by Krissy Lyon

When you accidentally touch a hot stove, you pull your hand away almost immediately, thanks to a quick reflex informed by your body’s pain receptors. Pain is an essential feature of our bodies that alerts us to danger or injury. But imagine if you felt pain with no immediate source. What if this pain lasted for months or years? This condition, called chronic pain, is estimated to affect 100 million Americans. Researchers are still working to understand the neurobiology of chronic pain. Currently, we think it’s caused by overactivity of the neurons that process pain signals. With chronic pain, these pain signals persist much longer than normal following an injury or even with no injury at all.

Living with constant pain, chronic pain sufferers can find it difficult to sleep, exercise, and maintain relationships, which can lead to feelings of anxiety, stress, and depression. Doctors can prescribe a number of treatments for chronic pain including: over-the-counter medications like aspirin, pain relief creams, acupuncture, and narcotic pain medications like morphine. They may even prescribe antidepressants which are thought to work by altering levels of brain chemicals to control feelings of pain. Sadly, none of these methods work for every patient, and some patients must try many treatments before achieving relief. New and improved treatments are greatly needed. One exciting possibility for chronic pain treatment may come from optogenetics, a technology currently used by neuroscientists that employs light to control neuronal activity.

How does optogenetics work?

Optogenetics relies on light-responsive proteins called opsins to selectively turn neuronal activity on or off with a flash of light. When a neuron ‘fires’ (is active) it releases a chemical signal to communicate with the rest of the brain, called a neurotransmitter. Optogenetics controls whether or not this signal is sent. To understand how optogenetics does this, it is important to understand how neurons function normally (Figure 1). Whether or not a neuron fires depends on the flow of positively- or negatively-charged ions across the membrane. In general, when more positively charged ions enter, the neuron will fire. When more negatively charged ions enter, the neuron does not fire. Opsins play their role by controlling which ions enter the neuron.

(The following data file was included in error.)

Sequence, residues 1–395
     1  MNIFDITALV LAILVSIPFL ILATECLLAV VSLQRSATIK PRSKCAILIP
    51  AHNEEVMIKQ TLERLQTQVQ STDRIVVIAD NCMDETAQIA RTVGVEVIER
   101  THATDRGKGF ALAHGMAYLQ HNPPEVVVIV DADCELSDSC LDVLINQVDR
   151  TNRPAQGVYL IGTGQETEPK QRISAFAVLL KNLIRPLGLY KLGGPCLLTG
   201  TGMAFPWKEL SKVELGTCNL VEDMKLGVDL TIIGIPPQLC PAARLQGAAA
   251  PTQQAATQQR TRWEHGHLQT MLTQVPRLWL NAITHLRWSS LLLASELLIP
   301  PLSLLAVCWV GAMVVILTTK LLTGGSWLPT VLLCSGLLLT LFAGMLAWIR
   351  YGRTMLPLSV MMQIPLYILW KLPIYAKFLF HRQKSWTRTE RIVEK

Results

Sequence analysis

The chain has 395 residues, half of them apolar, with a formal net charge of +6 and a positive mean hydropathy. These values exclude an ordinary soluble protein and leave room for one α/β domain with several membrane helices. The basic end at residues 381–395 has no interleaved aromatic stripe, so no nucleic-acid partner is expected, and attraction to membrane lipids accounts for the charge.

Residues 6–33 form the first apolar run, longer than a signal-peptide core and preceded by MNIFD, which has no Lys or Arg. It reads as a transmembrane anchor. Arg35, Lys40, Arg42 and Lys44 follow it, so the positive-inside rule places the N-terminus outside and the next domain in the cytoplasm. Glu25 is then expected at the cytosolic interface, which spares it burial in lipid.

Figure 1: Understanding neuronal activity. In general, more positive ions inside the cell relative to the outside result in the neuron firing and thus releasing neurotransmitter. When more negative ions are inside the cell relative to the outside the neuron does not fire thus no neurotransmitter is released. Positive ions represented as yellow circles with '+' sign, negative ions represented as yellow circles with '-' sign, green diamonds represent neurotransmitter.
Figure 1: Understanding neuronal activity. In general, more positive ions inside the cell relative to the outside result in the neuron firing and thus releasing neurotransmitter. When more negative ions are inside the cell relative to the outside, the neuron does not fire, so no neurotransmitter is released. Positive ions represented as yellow circles with ‘+’ sign, negative ions represented as yellow circles with ‘-‘ sign, green diamonds represent neurotransmitter.

Opsins come in two flavors: “on” and “off” (Figure 2). Channelrhodopsin, the most common “on” opsin, is found in algae but not in humans. When activated by blue light, channelrhodopsin lets positive ions enter the neuron. Conversely, halorhodopsin, the most common “off” opsin, lets negative ions enter the neuron when activated with yellow light. Halorhodopsin is also not found in humans but rather in single-celled organisms called Archaea. Yet, neuroscientists have inserted the genes for these “on” and “off” opsins into mice to control their neuronal activity using light.

Figure 2: How does optogenetics work? Left panel: Turning a neuron on. Blue light activates the 'on' opsin resulting in the neuron firing and releasing neurotransmitter. Right panel: Turning a neuron off. Yellow light activates the 'off' opsin preventing the neuron from firing.
Figure 2: How does optogenetics work? Left panel: Turning a neuron on. Blue light activates the ‘on’ opsin resulting in the neuron firing and releasing neurotransmitter. Right panel: Turning a neuron off. Yellow light activates the ‘off’ opsin preventing the neuron from firing.

How does this activation work? The activating light is delivered as a quick flash of light, around one second, using a ‘light pipe’ inserted through a hole in the skull to direct light to a specific area of the brain.  This technology has been useful for researchers studying neuronal connections and their functions in the brains of rodents and other research models.  However, recent advances are taking optogenetics to the clinical level. In the future, optogenetics might be a treatment for restoring vision, treating symptoms of Parkinson’s disease or turning off neurons that cause chronic pain.